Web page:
How to find C?
The problem of finding C is equivalent to the problem of identifying the minimal set of symmetry elements. For each space group, C can be determined by finding the minimal set of generators for each space group. The numbers range from 5 to 2.

The authors observed that the calculated value of D correlated with the observed frequency of the space group!That is, higher the value of D the most frequent space group.  Guess which space group had a higher D value?

Now the question comes back to “Why P212121 is more frequent?” The reason is that this space group is the least restrictive for the possible orientations and positions of the molecules in the crystal.

The authors do note that their analysis does not take into consideration of the shape of the molecule, energetics, and packing efficiency, which can lead to answers for non-monomeric proteins in the asymmetric unit.  According to the authors, P1 has a D value of 8, and is predicted to be the most used space group for racemic protein mixtures.


  1. Wukovitz SW, & Yeates TO (1995). Why protein crystals favour some space-groups over others. Nature structural biology, 2 (12), 1062-7 PMID: 8846217
  2. Kitaigorodskii AI. Organic Chemical Crystallogrphy (1955) Consultants Bureau, New York (Originally published in Russian by Press of the Academy of Sciences of the USSR, Moscow)

I am back! Feels good to be back.

Image Courtesy: Mr. Jeromy’s Blog

Was looking for some motivation and I saw this blogpost in nature about blogging. Hurrah!

How to learn by Blogging about Science

I had done a previous post on Why blogging research is rewarding. While this is not a research article, it does reiterate the main points mentioned earlier, along with more positive points, specifically the active learning part.

Hope you enjoy reading it as much as I did. Have a great day ahead!

Are you looking for opportunity to hone your writing skills? And at the same time get recognition for doing that? Look no further than the Wiki Contest from Biophysical Society.

Share what you know about biophysics with the world by participating in the Society’s Wiki-Edit Contest! The 2013 contest kicked off at the 57th Annual Meeting, and attendees at the kick off event received a button with the image on the left.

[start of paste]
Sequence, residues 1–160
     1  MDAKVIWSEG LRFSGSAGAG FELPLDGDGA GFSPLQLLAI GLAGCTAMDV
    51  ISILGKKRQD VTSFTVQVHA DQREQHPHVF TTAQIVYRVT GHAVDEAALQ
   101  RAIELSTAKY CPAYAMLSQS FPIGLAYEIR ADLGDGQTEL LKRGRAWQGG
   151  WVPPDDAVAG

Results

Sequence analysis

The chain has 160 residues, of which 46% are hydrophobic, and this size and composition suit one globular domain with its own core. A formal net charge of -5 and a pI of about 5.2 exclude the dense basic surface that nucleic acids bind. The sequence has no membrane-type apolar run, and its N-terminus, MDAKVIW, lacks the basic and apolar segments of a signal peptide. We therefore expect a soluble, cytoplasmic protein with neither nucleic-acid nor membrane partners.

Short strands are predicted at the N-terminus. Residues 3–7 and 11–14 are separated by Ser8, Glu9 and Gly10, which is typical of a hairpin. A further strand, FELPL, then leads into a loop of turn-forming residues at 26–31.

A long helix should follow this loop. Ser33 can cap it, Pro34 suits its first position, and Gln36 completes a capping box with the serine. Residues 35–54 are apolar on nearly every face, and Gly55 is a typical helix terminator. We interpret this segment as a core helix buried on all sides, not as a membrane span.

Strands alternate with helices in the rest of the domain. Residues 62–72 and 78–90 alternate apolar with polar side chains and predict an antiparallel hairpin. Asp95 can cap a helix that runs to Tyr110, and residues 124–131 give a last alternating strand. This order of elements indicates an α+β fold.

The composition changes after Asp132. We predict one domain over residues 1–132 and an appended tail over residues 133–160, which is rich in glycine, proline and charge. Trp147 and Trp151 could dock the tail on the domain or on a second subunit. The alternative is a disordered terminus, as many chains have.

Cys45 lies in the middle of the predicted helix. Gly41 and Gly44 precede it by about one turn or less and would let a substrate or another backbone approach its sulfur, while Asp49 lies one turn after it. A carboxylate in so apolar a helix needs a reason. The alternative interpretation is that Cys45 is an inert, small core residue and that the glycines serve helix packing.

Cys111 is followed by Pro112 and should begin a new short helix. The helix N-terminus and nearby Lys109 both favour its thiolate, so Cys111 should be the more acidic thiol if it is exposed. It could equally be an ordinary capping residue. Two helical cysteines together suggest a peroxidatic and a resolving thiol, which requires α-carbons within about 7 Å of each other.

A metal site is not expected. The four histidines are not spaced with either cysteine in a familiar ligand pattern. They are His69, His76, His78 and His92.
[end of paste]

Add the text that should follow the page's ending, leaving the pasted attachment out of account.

Six winners, chosen by a panel of judges who will determine the most improved biophysics-related articles, image collections or other contributions to Wikipedia or Commons, will receive $100 each, a barnstar on their talk page, and free registration to the 2014 Annual Meeting in San Francisco, California.

Visit the WikiProject Biophysics page for more information about the WikiProject. Visit the Biophysics Wiki-Edit Contest page or search WP:BIOPHYS on Wikipedia or Google for information on how to enter the contest.

For helpful tips and tricks for creating a Wikipedia account, adding and editing pages, and more, view the slides presented at the BPS Annual Meeting Wiki-Editing Contest Meet-Up!

The deadline to finish your article is July 15, 2013.

In this age, where many readers have a breath-wise/skimming habit of reading things, instead of depth-wise [Ref 1, 2], blogs are an awesome since you can write as much as you want, post as many pictures one wants to. Blogging by those who are in science is a one of the ways of bridging the gap of communication that is abysmally low between researchers and the non-scientific public. No, not as a propaganda machine, but reaching out to the people who are interested in what one is talking about.

PLoS Biology’s article “An Introduction to Social Media to Scientists” sets the right pitch for those who are thinking of whether they should take the plunge to blogging or not! Read the article here [Ref 3]

Of course, there are other ways of communicating in the social media. But, I will for time being stick to blogs for the two main reasons mentioned by Birk and Goldstein

Longevity; posts are accesible via search engines

Robust platform for building an online reputation.

One other effective way of making an online reputation is by editing Wikipedia articles. As of now, I find blogging about research articles to be highly rewarding for the following reasons

  • Sharpening my writing skills (I don’t have to emphasize the importance of this skill for researchers whose native language is not English)
  • Expressing one’s views in a professional manner
  • Making me find more interesting articles that I can blog about, which translates to more reading done as well.
  • For every post, I see my brain working the process of forming an idea, and finally seeing the effort achieve fruition. (This is very helpful to plan the way your write your manuscript with your own results)
  • A sense of satisfaction that comes after clicking the button “Publish”

Read here more about Research blogging!


  1. Literacy Debate: Online, R U Really Reading?
  2. What is the Internet’s Effect on Deep Reading?
  3. Bik HM, & Goldstein MC (2013). An introduction to social media for scientists. PLoS biology, 11 (4) PMID: 23630451